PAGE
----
There wasn’t much differentiation in the airline industry; the only differentiation factor was price. Ryanair was based on low cost- no frills strategy, this meant that if any airline company decides to compete with Ryanair than there would be heavy pressure on prices, margins and profitability as well. There are various mergers and strategic alliance E.g. KLM and Air France which makes it difficult for other airlines to operate alone. The airline industry faced a threat of substitute meaning that if it charges high price or isn’t operating well to satisfy customer needs than people would prefer to travel in cars, trains pr by sea. Since a huge amount of capital was involved, airline firms faced high barriers to exit.
OPPORTUNITIES AND THREATS (SWOT ANALYSIS)
It provides information which is helpful in matching firm’s resources and capabilities to competitive environment it operates. It summarises the key issues from the business environment and the strategic capability of an organisation that are most likely to impact on strategy development. The aim is to identify the extent to which strengths and weakness are relevant to, or capable of dealing with the changes taking place in the firm. A SWOT includes internal (strengths and weakness) and external elements (opportunities and threats).
It focuses on key internal strengths and weakness (from SWOT) and can be achieved by examining the resources and competences (RBV) of Ryanair by applying the VRIO model.
These can be looked upon as real advantages. Firm’s strengths are its resources and capabilities that can be used as a basis for developing a competitive advantage.
- It has a strong marketing strategy which includes a strong brand name and reputation in the airline industry. It is one of the most recognised brands on Goggle.
- It has an aggressive and innovative leadership managed by Michael O’Leary which made a lot of publicity
- 90 % of the booking is done online which made Ryanair the largest travel website in Europe and offering it a huge potential to convert it into e-commerce. However it eliminated intermediaries and distribution costs.
- It received an award in August 2006 by Air Transport Magazine for the most profitable airline in the world and was one of the most successful airlines in the industry with high number of passengers and flights.
- High service performance: In-flight services are extremely good, seats are comfortable to sit, provides in-flight mobile services and on board sales, and high rate of flight completion giving the company a good image.
These are seen as negative factors. The absences of certain strengths are viewed as weakness of the firm. It is the limitations or faults that exist in the organisation that will keep it away from achieving its objectives.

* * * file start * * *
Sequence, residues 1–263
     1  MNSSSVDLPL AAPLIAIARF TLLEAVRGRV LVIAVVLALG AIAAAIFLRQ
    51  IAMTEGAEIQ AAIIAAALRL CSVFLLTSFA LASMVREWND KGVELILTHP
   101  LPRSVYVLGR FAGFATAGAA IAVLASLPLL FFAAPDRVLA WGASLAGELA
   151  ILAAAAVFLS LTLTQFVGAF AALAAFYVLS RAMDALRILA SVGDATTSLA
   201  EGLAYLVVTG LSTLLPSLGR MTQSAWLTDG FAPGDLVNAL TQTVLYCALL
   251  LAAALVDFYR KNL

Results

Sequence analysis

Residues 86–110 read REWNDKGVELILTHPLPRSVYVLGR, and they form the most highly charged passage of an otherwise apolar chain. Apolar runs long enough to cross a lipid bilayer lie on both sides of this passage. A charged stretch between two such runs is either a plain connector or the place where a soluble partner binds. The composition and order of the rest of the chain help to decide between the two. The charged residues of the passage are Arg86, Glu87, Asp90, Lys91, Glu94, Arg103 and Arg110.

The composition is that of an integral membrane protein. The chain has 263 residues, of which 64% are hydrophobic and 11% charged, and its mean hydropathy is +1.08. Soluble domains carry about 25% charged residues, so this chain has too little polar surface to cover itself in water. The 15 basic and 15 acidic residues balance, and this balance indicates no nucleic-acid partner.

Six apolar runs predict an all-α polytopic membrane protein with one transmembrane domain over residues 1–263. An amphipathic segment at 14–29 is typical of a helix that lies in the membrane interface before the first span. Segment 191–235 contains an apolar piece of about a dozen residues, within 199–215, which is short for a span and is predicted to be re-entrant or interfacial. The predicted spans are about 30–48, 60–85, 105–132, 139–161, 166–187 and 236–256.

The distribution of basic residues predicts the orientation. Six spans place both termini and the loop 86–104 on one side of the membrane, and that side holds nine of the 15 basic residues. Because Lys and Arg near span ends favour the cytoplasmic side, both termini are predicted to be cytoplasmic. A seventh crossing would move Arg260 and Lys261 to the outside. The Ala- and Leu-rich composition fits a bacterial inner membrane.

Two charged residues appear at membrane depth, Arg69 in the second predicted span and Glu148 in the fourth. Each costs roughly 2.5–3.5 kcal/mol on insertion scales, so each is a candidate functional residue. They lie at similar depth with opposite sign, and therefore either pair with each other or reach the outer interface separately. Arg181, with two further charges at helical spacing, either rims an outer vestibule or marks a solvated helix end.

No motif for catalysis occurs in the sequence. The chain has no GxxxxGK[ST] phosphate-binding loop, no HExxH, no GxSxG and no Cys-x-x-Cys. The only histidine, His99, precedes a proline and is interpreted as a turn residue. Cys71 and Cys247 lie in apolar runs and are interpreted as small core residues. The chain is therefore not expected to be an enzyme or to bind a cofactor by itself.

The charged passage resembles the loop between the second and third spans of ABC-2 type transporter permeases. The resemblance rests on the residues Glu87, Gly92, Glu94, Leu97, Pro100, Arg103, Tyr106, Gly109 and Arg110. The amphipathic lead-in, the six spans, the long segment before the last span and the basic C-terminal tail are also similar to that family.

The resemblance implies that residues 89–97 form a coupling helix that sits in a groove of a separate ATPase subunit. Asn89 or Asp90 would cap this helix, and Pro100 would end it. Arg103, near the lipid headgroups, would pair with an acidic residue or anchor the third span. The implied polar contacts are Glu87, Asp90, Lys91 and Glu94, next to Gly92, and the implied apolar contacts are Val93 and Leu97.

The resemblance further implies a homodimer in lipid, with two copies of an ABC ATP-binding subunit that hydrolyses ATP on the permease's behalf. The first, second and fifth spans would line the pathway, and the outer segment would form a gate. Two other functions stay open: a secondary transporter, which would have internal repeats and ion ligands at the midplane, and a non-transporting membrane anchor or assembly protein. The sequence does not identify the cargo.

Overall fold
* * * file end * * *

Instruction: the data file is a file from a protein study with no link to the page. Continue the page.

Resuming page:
- The staffs of Ryanair are unskilled. They have poor working conditions such as staff banned from charging their own phones at work simply to reduce electricity bill.
- Poor leg rooms: there is no proper space for passengers to stretch out and sit nicely.
- Some secondary airports were significantly further from the city which consumes more time and costs.
- No control over fuel prices. Based on hedging meaning educated guessing.
- There has been significantly bad publicity of the company thus creating a negative impression to the airline industry.
EXTERNAL ANALYSIS OF RYANAIR
These are external environmental analysis that may reveal certain new opportunities for profit and growth. It is a favourable situation in an organisation environment
- With the management system and the strengths that it has, Ryanair has bigger opportunities to dominate and catch up with competition in the European airline industry in terms of providing quality service standard and at the same time preserving its low cost frills strategy.
- It has expanded with European Union.
- It has started long distance flights.
- Fleet expansion
- Advanced cost reduction. With An increasing number of business travellers, Ryan air took advantage by creating low cost business service
These are changes in external environment which also may present threats to the firm. They are gained from an external audit which analyses the business and economic environment, market conditions and strength of the competitors. A threat might be a barrier, anything external that cause difficulty for the company.
- Loss of skilled pilots. There is a pressure from the British airline pilots’ Association to recruit Ryanair pilots based in UK.
- Substitute Transportation due to terrorism attacks and expense of checking in luggage as well extra time spent in airport security checking. People would prefer to travel using Trains or Cars.
- Increase of low fare cost competition. There are many airline firms following a low cost strategy, charging low prices to passengers which are a threat to Ryan air.
- Fluctuating fuel prices – the price of fuel rose in 2005 and kept increasing. It would neither be predicted nor controlled. It was based on hedging. This meant that if fuel prices kept on increasing, passengers would be charged high through increased fares.
- Terrorism and security threat. Passengers were body checked and were banned from carrying liquids and gels due to security.